According to Treiber, in the commercial division today SC Johnson builds the only true float. Jerry’s definition of a float is a motorized type design from a vehicle such as a bus or truck chassis. Vehicles were stripped down to the engine, drivers’ seat, and chassis and then floats are built around and upon them. Drivers would have small sight hole and radio contact with spotters outside for safety. Others define a float as a decorated platform towed behind a vehicle. Jerry’s vehicle type float designs have placed in the top 3 award categories each year, except the last two when his floats were not involved in the commercial category.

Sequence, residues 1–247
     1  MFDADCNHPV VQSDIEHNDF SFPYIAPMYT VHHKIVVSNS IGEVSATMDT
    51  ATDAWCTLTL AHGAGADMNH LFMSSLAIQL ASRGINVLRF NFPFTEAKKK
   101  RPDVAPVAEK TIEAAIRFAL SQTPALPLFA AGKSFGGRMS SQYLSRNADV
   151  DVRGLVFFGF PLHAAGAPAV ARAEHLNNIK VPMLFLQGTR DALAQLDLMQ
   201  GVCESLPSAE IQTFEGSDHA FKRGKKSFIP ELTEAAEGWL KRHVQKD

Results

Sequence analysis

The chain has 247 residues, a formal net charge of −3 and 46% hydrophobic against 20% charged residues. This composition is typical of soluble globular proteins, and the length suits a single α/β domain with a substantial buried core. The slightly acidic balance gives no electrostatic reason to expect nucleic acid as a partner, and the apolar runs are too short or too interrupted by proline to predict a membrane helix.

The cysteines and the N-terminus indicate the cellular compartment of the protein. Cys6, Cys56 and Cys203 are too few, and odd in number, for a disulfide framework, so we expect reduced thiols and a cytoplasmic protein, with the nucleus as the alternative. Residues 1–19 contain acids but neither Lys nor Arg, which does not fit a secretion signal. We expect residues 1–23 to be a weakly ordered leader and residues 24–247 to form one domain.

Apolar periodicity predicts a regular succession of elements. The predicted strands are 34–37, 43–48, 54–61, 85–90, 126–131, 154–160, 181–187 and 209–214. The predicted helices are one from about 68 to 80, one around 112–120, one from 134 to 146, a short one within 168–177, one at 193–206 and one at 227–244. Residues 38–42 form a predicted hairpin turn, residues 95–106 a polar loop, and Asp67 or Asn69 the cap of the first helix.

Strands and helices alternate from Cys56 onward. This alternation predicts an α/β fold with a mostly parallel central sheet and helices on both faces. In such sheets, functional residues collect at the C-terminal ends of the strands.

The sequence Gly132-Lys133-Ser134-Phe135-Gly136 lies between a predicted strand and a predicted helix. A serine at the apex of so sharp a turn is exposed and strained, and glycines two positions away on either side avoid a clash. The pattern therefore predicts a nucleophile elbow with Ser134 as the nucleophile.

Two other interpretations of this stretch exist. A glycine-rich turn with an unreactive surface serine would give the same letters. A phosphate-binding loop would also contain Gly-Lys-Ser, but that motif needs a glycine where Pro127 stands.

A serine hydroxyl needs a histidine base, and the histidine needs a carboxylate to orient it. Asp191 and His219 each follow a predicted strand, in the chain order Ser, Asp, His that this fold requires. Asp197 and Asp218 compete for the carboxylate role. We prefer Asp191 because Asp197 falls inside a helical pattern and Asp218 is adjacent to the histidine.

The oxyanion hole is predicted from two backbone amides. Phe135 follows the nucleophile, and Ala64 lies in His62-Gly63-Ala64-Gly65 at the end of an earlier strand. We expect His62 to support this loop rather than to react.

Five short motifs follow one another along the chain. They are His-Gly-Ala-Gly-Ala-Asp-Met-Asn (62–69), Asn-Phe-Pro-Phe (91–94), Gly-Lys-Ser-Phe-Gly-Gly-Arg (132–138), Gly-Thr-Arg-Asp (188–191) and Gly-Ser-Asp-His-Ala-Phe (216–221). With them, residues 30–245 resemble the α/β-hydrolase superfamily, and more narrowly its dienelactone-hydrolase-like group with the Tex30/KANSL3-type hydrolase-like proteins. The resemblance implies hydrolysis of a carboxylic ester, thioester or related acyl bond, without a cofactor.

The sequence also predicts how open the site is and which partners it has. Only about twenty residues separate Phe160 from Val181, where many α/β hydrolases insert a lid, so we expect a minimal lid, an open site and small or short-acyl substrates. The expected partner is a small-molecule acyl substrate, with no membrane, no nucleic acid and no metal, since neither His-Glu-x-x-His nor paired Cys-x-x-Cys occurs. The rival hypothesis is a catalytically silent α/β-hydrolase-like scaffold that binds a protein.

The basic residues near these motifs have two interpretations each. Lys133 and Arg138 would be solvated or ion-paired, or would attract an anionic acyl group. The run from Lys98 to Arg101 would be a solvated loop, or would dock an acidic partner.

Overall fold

Many companies that participated in the ‘70’s and 80’s would use their floats for the Racine and Kenosha parades. The two communities would coordinate the dates of two days together. With the Racine parade falling on a Friday, then the floats were driven to Kenosha taking up to a 3-hour drive for the average 15-mile trip. One year, one of Jerry’s floats was 90’ long and 16’ high which would be larger than today’s standard semi-truck and trailer. Logistics of movement of the floats required a police escort, public utilities planning for power line height, and then a staging area for the next day at the host community.

Another ...